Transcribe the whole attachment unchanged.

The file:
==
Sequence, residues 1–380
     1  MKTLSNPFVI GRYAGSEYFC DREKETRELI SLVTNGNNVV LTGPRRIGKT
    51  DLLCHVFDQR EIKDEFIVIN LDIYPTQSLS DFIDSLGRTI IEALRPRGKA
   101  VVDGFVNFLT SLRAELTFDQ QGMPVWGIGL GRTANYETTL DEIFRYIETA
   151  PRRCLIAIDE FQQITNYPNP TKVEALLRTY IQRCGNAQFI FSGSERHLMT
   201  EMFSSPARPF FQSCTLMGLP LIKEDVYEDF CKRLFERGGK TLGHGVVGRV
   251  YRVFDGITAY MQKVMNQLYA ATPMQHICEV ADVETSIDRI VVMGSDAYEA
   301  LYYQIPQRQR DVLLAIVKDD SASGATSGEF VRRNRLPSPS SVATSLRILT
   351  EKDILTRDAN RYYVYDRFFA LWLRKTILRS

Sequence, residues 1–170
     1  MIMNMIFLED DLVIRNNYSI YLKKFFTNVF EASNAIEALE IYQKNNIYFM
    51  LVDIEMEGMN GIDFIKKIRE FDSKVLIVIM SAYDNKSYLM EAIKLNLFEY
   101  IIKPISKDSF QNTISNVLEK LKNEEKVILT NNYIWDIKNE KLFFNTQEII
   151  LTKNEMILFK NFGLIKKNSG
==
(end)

Sequence, residues 1–380
     1  MKTLSNPFVI GRYAGSEYFC DREKETRELI SLVTNGNNVV LTGPRRIGKT
    51  DLLCHVFDQR EIKDEFIVIN LDIYPTQSLS DFIDSLGRTI IEALRPRGKA
   101  VVDGFVNFLT SLRAELTFDQ QGMPVWGIGL GRTANYETTL DEIFRYIETA
   151  PRRCLIAIDE FQQITNYPNP TKVEALLRTY IQRCGNAQFI FSGSERHLMT
   201  EMFSSPARPF FQSCTLMGLP LIKEDVYEDF CKRLFERGGK TLGHGVVGRV
   251  YRVFDGITAY MQKVMNQLYA ATPMQHICEV ADVETSIDRI VVMGSDAYEA
   301  LYYQIPQRQR DVLLAIVKDD SASGATSGEF VRRNRLPSPS SVATSLRILT
   351  EKDILTRDAN RYYVYDRFFA LWLRKTILRS

Sequence, residues 1–170
     1  MIMNMIFLED DLVIRNNYSI YLKKFFTNVF EASNAIEALE IYQKNNIYFM
    51  LVDIEMEGMN GIDFIKKIRE FDSKVLIVIM SAYDNKSYLM EAIKLNLFEY
   101  IIKPISKDSF QNTISNVLEK LKNEEKVILT NNYIWDIKNE KLFFNTQEII
   151  LTKNEMILFK NFGLIKKNSG